More than 17,500 people have been empowered with first aid and lifesaving skills, thanks to the annual Hato Hone St John Shocktober campaign.
Dozens of communities hosted free events across the country in October, with thousands of New Zealanders learning skills to assist when someone in cardiac arrest, including calling 111, how to administer cardiopulmonary resuscitation (CPR) and how to use an automated external defibrillator (AED).
Jacci Tatnell, Hato Hone St John Head of Community Education, says the organisation is “absolutely thrilled” with the response to this year’s campaign.
“Hato Hone St John would like to sincerely thank the more than 17,500 people who joined us on our lifesaving mission.
“Your enthusiasm, along with the support of our major partner ASB and our incredible volunteers across the motu, means more New Zealanders have the knowledge and confidence to help save lives.
“By embracing our Shocktober campaign, you’ve played a crucial role in building a stronger, healthier, more resilient Aotearoa, and more people now have greater access to lifesaving help.”
Mark Graham, ASB Executive Manager Commercial Partnerships, says the organisation is a proud supporter of community lifesaving efforts.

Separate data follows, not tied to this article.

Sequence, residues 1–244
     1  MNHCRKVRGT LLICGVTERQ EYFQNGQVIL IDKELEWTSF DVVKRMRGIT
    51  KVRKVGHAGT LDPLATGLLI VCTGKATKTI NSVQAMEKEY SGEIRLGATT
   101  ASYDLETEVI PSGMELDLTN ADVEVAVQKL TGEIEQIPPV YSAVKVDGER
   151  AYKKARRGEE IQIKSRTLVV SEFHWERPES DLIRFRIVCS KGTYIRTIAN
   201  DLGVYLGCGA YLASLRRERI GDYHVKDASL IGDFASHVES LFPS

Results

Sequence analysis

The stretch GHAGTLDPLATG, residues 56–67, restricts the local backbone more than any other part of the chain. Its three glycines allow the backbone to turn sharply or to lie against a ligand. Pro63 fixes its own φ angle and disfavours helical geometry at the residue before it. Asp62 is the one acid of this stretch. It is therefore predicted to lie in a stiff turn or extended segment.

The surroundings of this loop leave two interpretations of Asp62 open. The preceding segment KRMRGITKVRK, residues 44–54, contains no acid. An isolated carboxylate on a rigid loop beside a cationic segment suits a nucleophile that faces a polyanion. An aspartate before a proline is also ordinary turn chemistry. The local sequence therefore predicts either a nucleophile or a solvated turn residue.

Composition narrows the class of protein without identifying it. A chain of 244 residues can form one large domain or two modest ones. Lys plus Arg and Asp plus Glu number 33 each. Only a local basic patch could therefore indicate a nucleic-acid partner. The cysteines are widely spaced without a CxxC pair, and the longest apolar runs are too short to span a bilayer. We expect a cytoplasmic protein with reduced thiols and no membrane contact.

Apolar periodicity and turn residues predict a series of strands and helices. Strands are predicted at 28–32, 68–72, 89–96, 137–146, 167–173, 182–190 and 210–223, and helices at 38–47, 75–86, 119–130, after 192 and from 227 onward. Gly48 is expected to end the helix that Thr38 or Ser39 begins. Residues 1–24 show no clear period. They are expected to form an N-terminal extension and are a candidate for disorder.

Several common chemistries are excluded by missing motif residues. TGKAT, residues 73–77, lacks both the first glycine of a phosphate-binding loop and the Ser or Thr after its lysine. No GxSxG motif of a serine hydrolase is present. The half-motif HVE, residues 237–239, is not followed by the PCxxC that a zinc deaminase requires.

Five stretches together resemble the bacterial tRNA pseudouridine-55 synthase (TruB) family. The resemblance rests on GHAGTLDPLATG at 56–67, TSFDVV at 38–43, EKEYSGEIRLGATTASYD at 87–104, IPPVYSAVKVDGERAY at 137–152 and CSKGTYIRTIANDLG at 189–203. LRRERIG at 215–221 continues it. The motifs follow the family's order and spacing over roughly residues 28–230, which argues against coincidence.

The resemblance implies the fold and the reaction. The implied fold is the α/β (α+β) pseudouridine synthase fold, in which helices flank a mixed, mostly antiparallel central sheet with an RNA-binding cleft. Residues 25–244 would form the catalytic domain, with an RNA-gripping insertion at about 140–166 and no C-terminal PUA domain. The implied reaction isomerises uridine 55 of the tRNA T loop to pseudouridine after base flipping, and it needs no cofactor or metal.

“We know how critical first aid skills are and the difference they make in an emergency. The lifesaving skills imparted through the Shocktober campaign, along with having AEDs readily available in all our branches, is an important way we are stepping up for our community.”
This year’s Shocktober campaign, dubbed the Heartbeat Highway tour, had a particular focus on empowering people in rural and isolated communities, with a number of free events held in partnership with ASB, including in Kaitaia.
ASB Kaitaia Branch Manager James Phillips knows all too well how crucial lifesaving skills are after he and his staff helped a bank customer who experienced a cardiac arrest earlier this year.
“It’s surreal to think what could have happened if we hadn’t undergone proper training. That moment is a true testament to the importance of educating all New Zealanders with these essential skills,” he says.
Shocktober aims to tackle one of the leading causes of death in New Zealand: cardiac arrest.
About six people experience cardiac arrest every day, with only one in ten surviving. Despite the alarming statistics, survival rates can more than double if fast, effective treatment is administered by someone with the right skills.